Eula HS Faculty Meeting #4 Mail and Carnival

Eula HS Faculty Meeting #4  Mail and Carnival
by Jim Riggs

Jack Riker and his wife, Darla, spent a week and two weekends climbing scaffolding and painting their two story house.  They scraped and primed bare spots, and painted a finish coat.  Darla painted every day.  Jack joined her after school and on weekends.  The young math teacher and his wife worked long hours trying to finish before the snow fell.  On Sunday afternoon, they painted together till dark, fried grilled cheese sandwiches, and collapsed in bed, side by side, touching only index fingers.

On Monday morning, Jack awoke early, squinted his eyes, stretched tight muscles, and stared at the clock.    5:10 a.m.  Too early to get up. . . . Oh, darn.  Darla and I have to move the scaffolding.  

He looked across the bed to his left.  She’s sound asleep, he thought.  She’ll kill me if I wake her.

Jack dropped his feet over the side of the bed and walked across the carpet to the bath room, lifting the seat on the toilet, garnering relief.  He dropped his pajamas in a pile, stepped into the tub, turning the shower to a spot he knew to be lukewarm.  Too much hot water and Darla won’t have any left, he thought.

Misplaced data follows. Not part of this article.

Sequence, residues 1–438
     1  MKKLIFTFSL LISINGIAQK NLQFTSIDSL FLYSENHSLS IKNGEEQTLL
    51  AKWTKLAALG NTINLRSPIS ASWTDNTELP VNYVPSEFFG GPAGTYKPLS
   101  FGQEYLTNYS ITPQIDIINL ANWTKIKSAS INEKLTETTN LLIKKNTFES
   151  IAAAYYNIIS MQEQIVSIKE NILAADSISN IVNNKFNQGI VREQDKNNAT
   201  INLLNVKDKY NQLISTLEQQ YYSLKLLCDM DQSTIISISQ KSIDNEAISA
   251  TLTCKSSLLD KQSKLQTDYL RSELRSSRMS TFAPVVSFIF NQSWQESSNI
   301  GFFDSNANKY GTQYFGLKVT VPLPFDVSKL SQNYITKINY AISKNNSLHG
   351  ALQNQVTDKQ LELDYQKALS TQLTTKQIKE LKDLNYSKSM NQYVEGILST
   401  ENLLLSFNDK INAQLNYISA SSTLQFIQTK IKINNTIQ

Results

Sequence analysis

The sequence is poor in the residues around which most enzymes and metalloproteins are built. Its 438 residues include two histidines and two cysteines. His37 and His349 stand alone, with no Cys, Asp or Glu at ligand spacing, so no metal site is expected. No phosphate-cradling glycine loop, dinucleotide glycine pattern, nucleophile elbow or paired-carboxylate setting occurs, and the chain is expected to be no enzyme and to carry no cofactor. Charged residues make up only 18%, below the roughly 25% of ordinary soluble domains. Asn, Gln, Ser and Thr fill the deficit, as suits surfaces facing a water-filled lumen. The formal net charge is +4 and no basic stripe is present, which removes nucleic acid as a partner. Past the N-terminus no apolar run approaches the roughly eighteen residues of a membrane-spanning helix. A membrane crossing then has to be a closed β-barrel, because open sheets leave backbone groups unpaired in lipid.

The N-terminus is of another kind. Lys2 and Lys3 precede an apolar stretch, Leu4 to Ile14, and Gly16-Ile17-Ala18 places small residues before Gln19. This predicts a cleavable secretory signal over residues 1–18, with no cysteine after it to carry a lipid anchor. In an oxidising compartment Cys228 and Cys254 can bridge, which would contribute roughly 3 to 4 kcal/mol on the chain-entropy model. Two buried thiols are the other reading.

He padded naked into their bedroom and kissed his wife awake.

“Go away.”

“Gotta move the scaffolding.”

“Didn’t we move it last night?” she mumbled.

“We were both too tired.  Now we have to hurry.  I have my 7:30 teacher’s meeting.  Mr. Hardass will have a kitten if I’m late again.  He’ll put a letter in my file.  ‘Mr. Riker has no respect for the rules and is extremely unpunctual.  He persists on being late for teacher’s meetings.’  He’d love to have an excuse to fire me.”

“He can’t fire you.  You’re a good teacher.”

“I think so, but too often, I open my mouth in our faculty meetings; point out how foolish he’s being.  Narcissistic people don’t like to be told that they are inadequate.”

“You need to keep your mouth shut during those teacher’s meetings, Jack.  We need this job.”